This is why EACH SCREW on the shared AXIS needs it's own switch on it's OWN INPUT so that when they trip together only the Master switch is being watched and when it does trip both motors back off, then ONLY the slave motor drives back onto it's OWN switch then backs off. So if this switch is located at the same place as Master switch (which it should be if everything is square and correct) it drives on and off the switch then ends at exactly the same place.
In practice the amount of movement of slaved motor is so minimal you don't actually see it happen because the trip point is fractions of millimeters away.!!
Yes again to some degree your relying switch accuracy but like as been shown even low quality switches give micron level repeatabilty.
Now with your single switch setup then ever time you home only the one screw is located at the position it started. Lets look at it like this.?
Both screws start at Zero(home) and travel in sync until you hit the E-stop at which point one or both axis lose position. So you then return to home(zero) to re-register Zero position which is defined by the single switch. But this switch is only moving the Master axis back to Zero the other remains at some arbitory position depending on how many steps it lost. This can then accumulate over time so between E-stops and general positional loss thru dropped steps(which will be low if correctly tuned) then you slowly rack the machine and can never truely be sure or certain the gantry is square.!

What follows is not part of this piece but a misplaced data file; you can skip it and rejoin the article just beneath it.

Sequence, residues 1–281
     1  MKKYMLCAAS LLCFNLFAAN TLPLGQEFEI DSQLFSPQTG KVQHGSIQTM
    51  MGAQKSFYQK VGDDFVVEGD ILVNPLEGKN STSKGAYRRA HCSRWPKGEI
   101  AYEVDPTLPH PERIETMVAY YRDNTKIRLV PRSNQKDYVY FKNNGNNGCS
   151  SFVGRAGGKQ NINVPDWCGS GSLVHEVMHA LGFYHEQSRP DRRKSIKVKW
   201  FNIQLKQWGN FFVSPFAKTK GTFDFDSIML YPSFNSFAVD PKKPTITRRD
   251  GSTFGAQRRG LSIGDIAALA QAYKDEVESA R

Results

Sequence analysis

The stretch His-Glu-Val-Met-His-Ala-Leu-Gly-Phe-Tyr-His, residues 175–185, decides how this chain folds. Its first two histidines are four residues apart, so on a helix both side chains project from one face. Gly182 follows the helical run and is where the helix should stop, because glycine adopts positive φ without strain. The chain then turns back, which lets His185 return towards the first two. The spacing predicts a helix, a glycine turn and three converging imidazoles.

I've said this many times but if I was using Slaved motors without out Dual home switches then your better off with Hard Stops which locates the gantry square and slowly drive upto to them. Again this way you know you are square and can Zero with confidence knowing both motors are back where they started from.
Other ways is to use cheap dial indicator on each axis and manually turn each axis until reads zero but then you may has well use 2 switches as it just the same.?
Last edited by JAZZCNC; 30-06-2014 at 03:18 PM.
Last edited by EddyCurrent; 30-06-2014 at 04:52 PM.Spelling mistakes are not intentional, I only seem to see them some time after I've posted
Now No disrespect meant here Eddy but your gantry won't be that stiff that it won't flex under the mechanical advantage of a ballscrew and stepper, ive seen much stronger than yours flex. If you want to test this then Just disconnect one motor and set the other going and see what happens. .
The machine nor the gantry is stressed when things are correct, it's only when the gantry is out of square and your forcing it back square are stress's put on the machine. Like I say when machine is setup square and correctly you wouldn't even see it happen it's that small a movement.!
Last edited by JAZZCNC; 30-06-2014 at 09:59 PM.
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Glad to see your back online, just remember to unplug during a storm, I've had to fix several PC's over the years, the flash down the line normally kills some of the ram you wont know until that blue screen shows when you least expect it, or it fails to boot.